Again, the dilemma of prayer, did the Lord remind me of the original purpose of our upper room because they were coming or did he answer my spontaneous prayer?  Either way, can you imagine having a God so intimately involved in our lives that he works things out in minute details?

In Deuteronomy 5 from The Message, I read this morning, “What other great nation has gods that are intimate with them the way God, our God, is with us, always ready to listen to us?”  Sure, there are times that we pray and wait and listen for years for a deep yearning that can only be expressed in prayer.  But aren’t we all grateful for the special times that we pray and two hours later, the phone rings and our prayer is answered.

Have you had a time recently when God answered a prayer immediately?  What is the prayer you have been praying for years that seems to be left unheard and unanswered?  Do the times that God answers immediately encourage you that God hears but his timing is different?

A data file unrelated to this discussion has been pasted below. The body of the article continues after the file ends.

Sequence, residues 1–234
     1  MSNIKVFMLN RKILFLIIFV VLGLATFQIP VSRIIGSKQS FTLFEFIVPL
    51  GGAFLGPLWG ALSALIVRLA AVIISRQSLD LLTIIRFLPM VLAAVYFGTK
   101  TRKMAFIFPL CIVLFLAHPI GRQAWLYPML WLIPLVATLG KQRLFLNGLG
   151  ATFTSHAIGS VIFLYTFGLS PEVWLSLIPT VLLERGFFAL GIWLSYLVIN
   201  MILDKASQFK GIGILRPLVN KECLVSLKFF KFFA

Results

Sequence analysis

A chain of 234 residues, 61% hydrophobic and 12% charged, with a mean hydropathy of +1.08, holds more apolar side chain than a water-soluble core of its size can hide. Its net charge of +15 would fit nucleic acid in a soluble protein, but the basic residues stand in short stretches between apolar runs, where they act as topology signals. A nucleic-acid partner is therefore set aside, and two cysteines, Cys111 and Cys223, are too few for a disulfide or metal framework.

2011 Florida Summer


Monday, May 16 to Friday, May 20, 2011

at Lake Aurora inLake Wales

Cost is $545

for information, contact

Rev. Joe Trementozzi


This is Special Touch Get-Away sponsored retreat/vacation for people who are developmentally disabled.  To see information about Get-Aways closer to your area, see the Get-Away webpage to see when and where all of these retreat are being held.

Special Gathering’s 

Camp Agape 2011


Friday, May 27 to Monday, May 30

For information, contact

Linda G. Howard at

Richard O. Stimson at

Costs are from $160 to $230, depending on level of supervision.

Retreat/Camp Agape is a held at Life for Youth Camp in Vero Beach, Florida

1462 82nd Avenue

Activities for the weekend include chapel twice a day, paddle boat, speed boat, pontoon boat, go-carts, putt-putt golf, basketball, crafts, game room, water slide, swimming and snack bar.

All cabins are air-conditioned.  Chapel attendance is required.  Registered nurse on the camp grounds and on-duty 24-hours a day.  All med administered by nurse for Camp Agape attendees.  People attending Retreat Agape must be able to administer their own meds.